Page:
You don’t have to be famous in order to be successful. That said, if you want to make it big as a professional blogger and establish yourself as an expert in your industry, then it certainly doesn’t hurt to make a big name for yourself. Getting featured in major media outlets is one part of the equation and you really know you’ve “made it” when there’s a Wikipedia page dedicated to you.
The challenge, of course, is getting yourself listed on Wikipedia in the first place. This is equally difficult for both individuals and for businesses. Earlier this year, I was hired by a company to create their Wikipedia page. I told them upfront I could not possibly guarantee that the page would stick and there was a distinct possibility that the page would be deleted due to reasons of “vanity.” And despite all of our efforts (though they didn’t have the budget for all my recommendations), that’s exactly what happened.
Even Wikipedia itself says that getting an article about yourself on the site isn’t necessarily a good thing, partly because it’s an open platform where just about anyone can contribute. What this means is that if you get caught up in a scandal or otherwise receive negative press, it could show up on your page. But, as you know, there is a definite appeal to having a Wikipedia article about you, both for credibility and for your ego.
For my part, the good news is that there is a wiki page for Michael Kwan already created and it has been up for a very long time. The bad news is that it’s for a different Michael Kwan altogether and, for the life of me, I can’t even get a mention on that page. So, what needs to happen?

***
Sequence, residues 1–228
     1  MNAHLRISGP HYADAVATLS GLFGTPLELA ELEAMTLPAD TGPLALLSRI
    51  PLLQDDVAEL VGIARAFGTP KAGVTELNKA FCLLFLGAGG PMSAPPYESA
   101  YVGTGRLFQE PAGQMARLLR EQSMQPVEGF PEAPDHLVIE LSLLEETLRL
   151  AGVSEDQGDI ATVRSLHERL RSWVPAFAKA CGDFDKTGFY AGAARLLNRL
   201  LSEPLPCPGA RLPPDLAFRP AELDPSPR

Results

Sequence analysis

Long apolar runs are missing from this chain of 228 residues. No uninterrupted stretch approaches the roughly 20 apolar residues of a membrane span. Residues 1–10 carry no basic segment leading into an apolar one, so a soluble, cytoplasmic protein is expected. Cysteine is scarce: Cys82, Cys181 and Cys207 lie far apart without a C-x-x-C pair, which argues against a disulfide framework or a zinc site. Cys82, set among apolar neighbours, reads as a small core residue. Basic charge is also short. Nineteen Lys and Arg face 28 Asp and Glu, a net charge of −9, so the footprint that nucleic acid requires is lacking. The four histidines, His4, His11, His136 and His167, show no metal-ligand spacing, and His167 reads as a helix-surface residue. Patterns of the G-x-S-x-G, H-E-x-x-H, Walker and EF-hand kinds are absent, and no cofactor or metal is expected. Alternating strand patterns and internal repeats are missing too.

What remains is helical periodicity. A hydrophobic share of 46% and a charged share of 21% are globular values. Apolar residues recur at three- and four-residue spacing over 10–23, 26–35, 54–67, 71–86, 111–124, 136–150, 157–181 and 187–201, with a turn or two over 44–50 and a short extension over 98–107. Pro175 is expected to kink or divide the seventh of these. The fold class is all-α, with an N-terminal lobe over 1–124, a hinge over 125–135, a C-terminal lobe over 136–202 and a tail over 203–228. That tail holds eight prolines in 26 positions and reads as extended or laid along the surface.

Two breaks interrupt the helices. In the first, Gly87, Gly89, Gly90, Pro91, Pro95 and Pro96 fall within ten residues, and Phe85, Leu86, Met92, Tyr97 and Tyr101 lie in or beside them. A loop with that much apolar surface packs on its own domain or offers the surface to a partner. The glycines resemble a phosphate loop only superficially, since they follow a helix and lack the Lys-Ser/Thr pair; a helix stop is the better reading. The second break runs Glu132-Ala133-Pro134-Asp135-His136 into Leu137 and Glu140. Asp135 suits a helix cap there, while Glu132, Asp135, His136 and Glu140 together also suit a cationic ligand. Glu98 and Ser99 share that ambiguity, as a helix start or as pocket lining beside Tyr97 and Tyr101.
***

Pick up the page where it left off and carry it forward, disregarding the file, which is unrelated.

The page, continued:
The Wikipedia standards effectively call for three critical elements: neutrality, verifiable and reliable sources, and notability. The page must be neither positive or negative, the information needs to be suitably backed up by legitimate third-party sources, and the subject needs to be “notable.” That last point is particularly challenging.
Getting yourself listed on Wikipedia is hardly a science. It’s more of an art with a dash of luck and good fortune. There are steps you can take to support your case, many of which require the further support from other Wikipedia members.
- Get referenced in other wiki pages. If you are mentioned or referenced in other Wikipedia articles, this helps to bolster your notability.
- Get mentioned in third party sources. This might start with more of a general PR campaign. If you appear in magazines and newspapers, as well as other media outlets, the perception of your legitimacy and notability is further improved.
- Start with a “stub.” Before you invest your time in writing a 1000+ word Wikipedia article on yourself only to get it deleted by one of the admin folks, start with just a sentence or two. The hope is that the rest of the Wikipedia community will jump in to expand on the stub and this helps with the neutrality requirement.
- Multiple user submissions. If the edit history on your page shows that you are the only user making changes and additions, then there’s a good chance the page will get flagged for deletion. It’s important to have multiple (registered) users contribute to the page and it helps a lot more if these users also volunteer to edit a lot of other Wikipedia pages too. Again, this helps with neutrality and notability.
- Include references. The page may be about you, but it needs to be supported with references to other sources. These can be both internal Wikipedia links and links to external sources.
- Encourage an active discussion page. If multiple users are engaging in a conversation through the article’s discussion page, then Wikipedia can see that people care about the topic (notability) and multiple viewpoints are being represented (neutrality).
All of the above strategies and tactics can help, but none of them will guarantee that you’ll get a Wikipedia article that’ll stick. A lot of it really is outside of your control… until you leverage the power of the tribe.
If Shoemoney can be listed, then I say that all of the readers of this blog can help get a John Chow wiki page to stick too. And getting this “real” Michael Kwan onto Wikipedia can be possible if we all work on it together, right?